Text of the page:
Following this assignment, he received orders to his final duty station, the USS Santa Barbara. As a Senior Chief, Mr. Rick led his division during Operation Desert Storm in 1991. He was the only enlisted man qualified to stand Officer of the Deck at sea, a position that carries with it command of the ship. He was standing that watch at midnight, the night the attack was launched over the Kuwait border into Iraq. Mr. McCafferty’s Commanding Officer, Capt. Michael Frimenko, Jr, wrote that he was the “first and only chief petty officer to qualify as OOD Underway aboard Santa Barbara…He prepared the navigation team for professional transit of the Suez Canal.
Because of his shiphandling expertise, I selected him to perform duties of Conning Officer and OOD during the evolution.” From the bridge wing, he watched planes from the nearby carrier group circle into formation in the night sky, before departing into darkness to fulfill their purpose.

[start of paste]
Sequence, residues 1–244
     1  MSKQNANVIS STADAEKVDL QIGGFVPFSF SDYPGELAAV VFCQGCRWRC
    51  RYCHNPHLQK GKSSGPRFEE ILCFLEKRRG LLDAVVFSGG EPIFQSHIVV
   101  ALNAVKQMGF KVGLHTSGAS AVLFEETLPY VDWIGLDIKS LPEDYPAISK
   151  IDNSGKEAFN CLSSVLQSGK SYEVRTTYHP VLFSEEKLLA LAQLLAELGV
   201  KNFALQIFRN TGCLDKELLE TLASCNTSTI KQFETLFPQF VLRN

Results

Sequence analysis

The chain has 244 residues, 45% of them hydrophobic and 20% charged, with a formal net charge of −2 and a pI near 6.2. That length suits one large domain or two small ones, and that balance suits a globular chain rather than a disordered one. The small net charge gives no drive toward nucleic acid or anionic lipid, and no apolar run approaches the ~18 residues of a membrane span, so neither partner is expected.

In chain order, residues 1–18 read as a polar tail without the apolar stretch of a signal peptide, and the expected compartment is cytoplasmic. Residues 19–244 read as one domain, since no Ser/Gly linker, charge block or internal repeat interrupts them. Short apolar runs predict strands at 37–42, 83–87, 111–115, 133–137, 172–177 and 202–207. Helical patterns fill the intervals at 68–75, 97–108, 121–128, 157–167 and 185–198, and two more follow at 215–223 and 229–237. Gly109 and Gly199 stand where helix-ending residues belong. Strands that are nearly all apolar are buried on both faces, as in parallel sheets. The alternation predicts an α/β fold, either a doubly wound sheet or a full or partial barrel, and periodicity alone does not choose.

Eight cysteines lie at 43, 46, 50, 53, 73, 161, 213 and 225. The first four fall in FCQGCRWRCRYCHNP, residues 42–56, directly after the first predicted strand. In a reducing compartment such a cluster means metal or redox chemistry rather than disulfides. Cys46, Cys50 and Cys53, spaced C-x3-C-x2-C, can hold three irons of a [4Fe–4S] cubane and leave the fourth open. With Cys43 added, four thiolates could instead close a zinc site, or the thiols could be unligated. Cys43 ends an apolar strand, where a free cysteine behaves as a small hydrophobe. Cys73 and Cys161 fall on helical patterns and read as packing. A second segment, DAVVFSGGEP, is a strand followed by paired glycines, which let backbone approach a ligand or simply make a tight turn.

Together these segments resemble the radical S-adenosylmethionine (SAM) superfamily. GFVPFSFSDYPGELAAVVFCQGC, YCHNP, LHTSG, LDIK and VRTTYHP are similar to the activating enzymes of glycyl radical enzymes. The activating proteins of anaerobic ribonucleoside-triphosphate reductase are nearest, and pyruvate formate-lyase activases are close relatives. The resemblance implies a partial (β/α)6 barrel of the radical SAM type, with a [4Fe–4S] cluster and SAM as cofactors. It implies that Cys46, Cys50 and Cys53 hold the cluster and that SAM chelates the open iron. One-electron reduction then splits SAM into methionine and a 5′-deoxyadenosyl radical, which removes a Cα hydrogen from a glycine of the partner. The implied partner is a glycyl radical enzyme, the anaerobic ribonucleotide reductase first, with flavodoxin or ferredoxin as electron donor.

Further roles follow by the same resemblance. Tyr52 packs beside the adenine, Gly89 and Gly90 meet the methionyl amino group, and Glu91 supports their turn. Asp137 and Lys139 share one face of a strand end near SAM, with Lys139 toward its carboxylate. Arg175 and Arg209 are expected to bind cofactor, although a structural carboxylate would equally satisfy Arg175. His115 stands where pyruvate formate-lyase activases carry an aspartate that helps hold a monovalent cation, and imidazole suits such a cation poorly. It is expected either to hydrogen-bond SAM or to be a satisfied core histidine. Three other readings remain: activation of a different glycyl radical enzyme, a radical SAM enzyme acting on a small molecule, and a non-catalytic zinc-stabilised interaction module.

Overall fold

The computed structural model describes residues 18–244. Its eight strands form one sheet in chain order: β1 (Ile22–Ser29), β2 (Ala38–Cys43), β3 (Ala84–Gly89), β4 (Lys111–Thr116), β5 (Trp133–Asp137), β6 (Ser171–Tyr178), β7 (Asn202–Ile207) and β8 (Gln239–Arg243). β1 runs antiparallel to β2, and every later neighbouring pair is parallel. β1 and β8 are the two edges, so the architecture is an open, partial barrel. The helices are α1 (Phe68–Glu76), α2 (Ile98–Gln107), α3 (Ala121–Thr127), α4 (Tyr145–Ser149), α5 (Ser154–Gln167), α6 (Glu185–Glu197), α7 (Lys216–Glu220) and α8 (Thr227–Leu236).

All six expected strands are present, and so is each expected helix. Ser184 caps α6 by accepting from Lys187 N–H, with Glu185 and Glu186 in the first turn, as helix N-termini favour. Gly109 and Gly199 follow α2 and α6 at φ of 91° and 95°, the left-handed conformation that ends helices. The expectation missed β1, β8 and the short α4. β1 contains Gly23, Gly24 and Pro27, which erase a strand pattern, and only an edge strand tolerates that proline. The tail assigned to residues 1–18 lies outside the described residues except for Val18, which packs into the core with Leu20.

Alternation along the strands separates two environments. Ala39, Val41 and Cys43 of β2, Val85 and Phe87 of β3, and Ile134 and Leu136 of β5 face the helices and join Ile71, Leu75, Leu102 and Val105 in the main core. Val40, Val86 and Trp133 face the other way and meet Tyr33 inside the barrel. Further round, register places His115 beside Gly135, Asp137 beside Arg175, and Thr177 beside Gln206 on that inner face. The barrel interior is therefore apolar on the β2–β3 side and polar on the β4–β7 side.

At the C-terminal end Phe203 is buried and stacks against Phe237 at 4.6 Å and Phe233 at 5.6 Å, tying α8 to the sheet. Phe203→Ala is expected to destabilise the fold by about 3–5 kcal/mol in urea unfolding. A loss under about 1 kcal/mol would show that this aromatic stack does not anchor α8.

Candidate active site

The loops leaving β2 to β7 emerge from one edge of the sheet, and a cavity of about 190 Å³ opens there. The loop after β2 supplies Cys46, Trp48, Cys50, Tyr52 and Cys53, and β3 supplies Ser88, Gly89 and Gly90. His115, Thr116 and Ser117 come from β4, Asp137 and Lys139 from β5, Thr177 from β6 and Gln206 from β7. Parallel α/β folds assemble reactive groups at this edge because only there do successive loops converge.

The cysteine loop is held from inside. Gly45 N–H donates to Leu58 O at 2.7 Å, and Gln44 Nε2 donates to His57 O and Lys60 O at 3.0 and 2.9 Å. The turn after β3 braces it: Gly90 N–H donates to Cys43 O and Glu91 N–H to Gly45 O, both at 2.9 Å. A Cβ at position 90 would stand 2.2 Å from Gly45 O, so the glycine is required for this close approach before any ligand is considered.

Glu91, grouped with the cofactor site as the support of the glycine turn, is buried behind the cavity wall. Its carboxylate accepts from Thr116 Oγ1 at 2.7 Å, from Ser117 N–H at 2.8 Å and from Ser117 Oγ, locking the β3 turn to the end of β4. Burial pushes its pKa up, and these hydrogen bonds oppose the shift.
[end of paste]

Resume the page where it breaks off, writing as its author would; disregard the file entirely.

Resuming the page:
The crew listened to radio BBC news reports on the bridge as they stood a tense early morning watch. It is likely that Mr. Rick was the only enlisted man with command of a Naval ship in the theater during those early hours of the war. The story is an example of the kind of confidence Mr. Rick inspired in his command leadership, his peers, and the scores of young sailors that looked up to him.
Senior Chief Petty Officer Eric McCafferty retired on April 30th 1993, exactly 20 years from the day he entered the service. His exemplary service set a positive and professional example to the countless young sailors he mentored and taught. Mr. Rick served his country and, in doing so, found a profession that he loved. Since his retirement from the Navy, Mr. Rick’s love of the sea has not changed. His civilian jobs have all been aboard ships, and he enjoys sailing in his free time. He lives in Charleston, South Carolina, with his wife, Liz, and his two daughters, Megan and Devon.